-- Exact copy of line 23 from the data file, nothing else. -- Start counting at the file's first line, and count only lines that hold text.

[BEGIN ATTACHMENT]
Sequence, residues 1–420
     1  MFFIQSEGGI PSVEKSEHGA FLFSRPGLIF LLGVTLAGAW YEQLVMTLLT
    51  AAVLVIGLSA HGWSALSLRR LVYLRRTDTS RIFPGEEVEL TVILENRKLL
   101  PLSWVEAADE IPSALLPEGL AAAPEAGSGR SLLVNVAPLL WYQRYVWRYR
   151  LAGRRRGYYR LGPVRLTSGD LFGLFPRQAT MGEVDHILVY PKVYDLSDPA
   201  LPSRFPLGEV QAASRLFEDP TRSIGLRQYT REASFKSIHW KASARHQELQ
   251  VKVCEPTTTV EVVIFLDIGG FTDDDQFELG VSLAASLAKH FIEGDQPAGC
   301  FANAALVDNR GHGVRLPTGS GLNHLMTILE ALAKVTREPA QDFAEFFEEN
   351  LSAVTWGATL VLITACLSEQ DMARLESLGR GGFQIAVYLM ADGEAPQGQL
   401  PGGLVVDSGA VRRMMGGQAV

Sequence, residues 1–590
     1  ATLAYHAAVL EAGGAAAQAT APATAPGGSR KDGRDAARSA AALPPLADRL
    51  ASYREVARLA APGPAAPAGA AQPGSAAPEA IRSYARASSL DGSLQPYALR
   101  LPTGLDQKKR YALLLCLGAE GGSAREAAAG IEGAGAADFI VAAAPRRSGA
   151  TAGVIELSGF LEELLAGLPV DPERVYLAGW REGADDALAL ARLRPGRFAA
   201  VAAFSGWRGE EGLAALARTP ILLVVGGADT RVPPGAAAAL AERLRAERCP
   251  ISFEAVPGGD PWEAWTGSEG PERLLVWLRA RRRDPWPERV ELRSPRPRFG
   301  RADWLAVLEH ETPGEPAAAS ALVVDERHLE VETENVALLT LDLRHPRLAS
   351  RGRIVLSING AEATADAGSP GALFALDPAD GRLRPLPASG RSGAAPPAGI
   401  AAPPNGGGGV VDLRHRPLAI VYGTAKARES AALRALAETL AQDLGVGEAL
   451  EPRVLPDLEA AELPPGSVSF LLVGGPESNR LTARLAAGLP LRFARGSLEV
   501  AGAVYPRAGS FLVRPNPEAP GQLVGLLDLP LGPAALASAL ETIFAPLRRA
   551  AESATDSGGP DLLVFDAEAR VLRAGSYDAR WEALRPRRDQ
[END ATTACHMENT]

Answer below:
   551  AESATDSGGP DLLVFDAEAR VLRAGSYDAR WEALRPRRDQ